North American Journal of Medical Sciences

: 2012  |  Volume : 4  |  Issue : 9  |  Page : 429--434

Western blot: Technique, theory, and trouble shooting

Tahrin Mahmood, Ping-Chang Yang 
 Department of Pathology and Molecular Medicine, McMaster University, Hamilton, ON, Canada

Correspondence Address:
Ping-Chang Yang
Department of Pathology & Molecular Medicine, McMaster University, Room T3303, 50 Charlton Ave East, Hamilton, ON


Western blotting is an important technique used in cell and molecular biology. By using a western blot, researchers are able to identify specific proteins from a complex mixture of proteins extracted from cells. The technique uses three elements to accomplish this task: (1) separation by size, (2) transfer to a solid support, and (3) marking target protein using a proper primary and secondary antibody to visualize. This paper will attempt to explain the technique and theory behind western blot, and offer some ways to troubleshoot.

How to cite this article:
Mahmood T, Yang PC. Western blot: Technique, theory, and trouble shooting.North Am J Med Sci 2012;4:429-434

How to cite this URL:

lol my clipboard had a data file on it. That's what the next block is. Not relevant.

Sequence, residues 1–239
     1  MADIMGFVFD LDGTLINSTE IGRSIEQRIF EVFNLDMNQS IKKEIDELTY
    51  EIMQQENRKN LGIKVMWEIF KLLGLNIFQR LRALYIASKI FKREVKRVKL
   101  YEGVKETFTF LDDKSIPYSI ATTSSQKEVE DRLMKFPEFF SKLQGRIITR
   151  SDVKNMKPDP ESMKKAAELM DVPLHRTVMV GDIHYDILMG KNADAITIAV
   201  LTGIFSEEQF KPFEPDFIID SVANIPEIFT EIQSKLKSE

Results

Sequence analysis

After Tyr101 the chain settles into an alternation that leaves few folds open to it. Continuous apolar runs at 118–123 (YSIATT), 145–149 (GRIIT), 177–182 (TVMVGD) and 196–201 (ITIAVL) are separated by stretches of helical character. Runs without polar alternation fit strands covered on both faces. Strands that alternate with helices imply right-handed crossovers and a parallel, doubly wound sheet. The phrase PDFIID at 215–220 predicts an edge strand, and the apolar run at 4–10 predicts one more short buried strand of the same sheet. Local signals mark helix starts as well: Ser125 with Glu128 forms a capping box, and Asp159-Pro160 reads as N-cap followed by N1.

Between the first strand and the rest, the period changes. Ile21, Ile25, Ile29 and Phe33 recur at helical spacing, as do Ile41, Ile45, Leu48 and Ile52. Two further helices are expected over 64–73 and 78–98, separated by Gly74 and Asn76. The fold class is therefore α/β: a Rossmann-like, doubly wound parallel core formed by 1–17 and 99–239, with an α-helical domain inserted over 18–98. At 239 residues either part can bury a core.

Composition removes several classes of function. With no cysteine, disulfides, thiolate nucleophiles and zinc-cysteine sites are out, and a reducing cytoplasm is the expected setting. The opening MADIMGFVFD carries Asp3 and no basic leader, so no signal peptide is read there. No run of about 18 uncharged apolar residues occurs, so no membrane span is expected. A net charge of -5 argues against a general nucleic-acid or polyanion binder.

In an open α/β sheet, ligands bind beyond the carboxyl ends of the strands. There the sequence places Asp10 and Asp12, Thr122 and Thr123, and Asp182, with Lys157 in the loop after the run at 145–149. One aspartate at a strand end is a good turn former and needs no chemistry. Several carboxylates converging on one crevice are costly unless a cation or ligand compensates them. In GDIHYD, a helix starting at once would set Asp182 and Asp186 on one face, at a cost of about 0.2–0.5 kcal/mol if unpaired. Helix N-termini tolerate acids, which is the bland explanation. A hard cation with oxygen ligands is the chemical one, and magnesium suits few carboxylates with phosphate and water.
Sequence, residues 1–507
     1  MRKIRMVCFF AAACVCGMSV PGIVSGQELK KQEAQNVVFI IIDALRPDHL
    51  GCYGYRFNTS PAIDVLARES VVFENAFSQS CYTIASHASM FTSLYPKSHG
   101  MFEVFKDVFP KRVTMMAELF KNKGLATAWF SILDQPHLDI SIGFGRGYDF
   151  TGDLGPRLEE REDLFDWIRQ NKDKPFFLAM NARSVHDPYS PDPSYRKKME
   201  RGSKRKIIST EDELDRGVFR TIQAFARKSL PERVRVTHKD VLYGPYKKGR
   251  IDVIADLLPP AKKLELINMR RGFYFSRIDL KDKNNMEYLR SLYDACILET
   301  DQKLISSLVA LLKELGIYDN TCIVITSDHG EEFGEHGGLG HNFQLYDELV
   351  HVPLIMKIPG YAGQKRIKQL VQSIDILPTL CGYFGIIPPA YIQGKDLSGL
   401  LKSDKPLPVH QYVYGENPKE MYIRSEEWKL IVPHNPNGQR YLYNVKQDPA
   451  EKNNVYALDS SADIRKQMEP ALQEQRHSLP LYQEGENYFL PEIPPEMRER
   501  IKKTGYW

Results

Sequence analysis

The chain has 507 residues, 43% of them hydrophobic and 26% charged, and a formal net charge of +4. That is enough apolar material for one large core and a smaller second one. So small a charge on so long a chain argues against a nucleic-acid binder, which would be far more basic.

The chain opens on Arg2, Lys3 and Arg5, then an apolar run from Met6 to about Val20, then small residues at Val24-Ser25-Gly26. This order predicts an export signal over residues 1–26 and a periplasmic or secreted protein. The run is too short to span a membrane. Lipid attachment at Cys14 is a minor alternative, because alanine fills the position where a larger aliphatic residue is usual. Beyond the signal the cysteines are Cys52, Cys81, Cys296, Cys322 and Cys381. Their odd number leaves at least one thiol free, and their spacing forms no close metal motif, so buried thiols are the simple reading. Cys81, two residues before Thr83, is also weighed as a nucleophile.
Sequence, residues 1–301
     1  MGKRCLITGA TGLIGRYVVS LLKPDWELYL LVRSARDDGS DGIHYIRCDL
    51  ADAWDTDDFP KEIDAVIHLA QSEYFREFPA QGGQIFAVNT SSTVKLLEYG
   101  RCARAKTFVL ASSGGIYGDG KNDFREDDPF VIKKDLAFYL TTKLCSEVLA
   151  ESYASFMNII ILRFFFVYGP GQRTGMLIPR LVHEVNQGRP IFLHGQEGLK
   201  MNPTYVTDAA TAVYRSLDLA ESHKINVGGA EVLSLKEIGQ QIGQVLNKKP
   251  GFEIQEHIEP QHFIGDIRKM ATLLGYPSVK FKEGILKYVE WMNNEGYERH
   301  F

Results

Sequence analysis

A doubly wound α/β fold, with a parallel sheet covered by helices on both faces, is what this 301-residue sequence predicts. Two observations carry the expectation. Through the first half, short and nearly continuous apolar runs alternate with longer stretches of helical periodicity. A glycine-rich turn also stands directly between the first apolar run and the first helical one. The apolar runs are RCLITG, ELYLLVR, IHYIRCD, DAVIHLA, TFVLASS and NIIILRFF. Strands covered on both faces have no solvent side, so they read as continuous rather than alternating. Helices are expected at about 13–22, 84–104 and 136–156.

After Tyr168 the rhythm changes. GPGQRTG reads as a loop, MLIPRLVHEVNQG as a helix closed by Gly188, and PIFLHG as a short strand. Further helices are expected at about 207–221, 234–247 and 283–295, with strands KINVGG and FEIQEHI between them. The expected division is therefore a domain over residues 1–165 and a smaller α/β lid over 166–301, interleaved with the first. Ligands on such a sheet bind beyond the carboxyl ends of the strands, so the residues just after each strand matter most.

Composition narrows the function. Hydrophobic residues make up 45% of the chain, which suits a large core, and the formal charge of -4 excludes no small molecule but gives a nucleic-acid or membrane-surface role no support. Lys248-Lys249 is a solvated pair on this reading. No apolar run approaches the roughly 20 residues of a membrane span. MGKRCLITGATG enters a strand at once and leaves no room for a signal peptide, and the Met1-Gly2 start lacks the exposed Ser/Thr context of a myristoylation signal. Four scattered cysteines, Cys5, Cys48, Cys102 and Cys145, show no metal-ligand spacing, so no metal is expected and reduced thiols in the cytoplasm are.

Mahmood T, Yang PC. Western blot: Technique, theory, and trouble shooting. North Am J Med Sci [serial online] 2012 [cited 2020 May 28 ];4:429-434
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Western blot is often used in research to separate and identify proteins. In this technique a mixture of proteins is separated based on molecular weight, and thus by type, through gel electrophoresis. These results are then transferred to a membrane producing a band for each protein. The membrane is then incubated with labels antibodies specific to the protein of interest.

The unbound antibody is washed off leaving only the bound antibody to the protein of interest. The bound antibodies are then detected by developing the film. As the antibodies only bind to the protein of interest, only one band should be visible. The thickness of the band corresponds to the amount of protein present; thus doing a standard can indicate the amount of protein present. The paper will first describe the protocol for western blot, accompanied by pictures to help the reader and theory to rationalize the protocol. This will be followed by the theoretical explanation of the procedure, and in the later section, troubleshooting tips for common problems.


Cell lysis to extract protein

Protein can be extracted from different kind of samples, such as tissue or cells. Below is the protocol to extract proteins from adherent cells.

Adherent cells: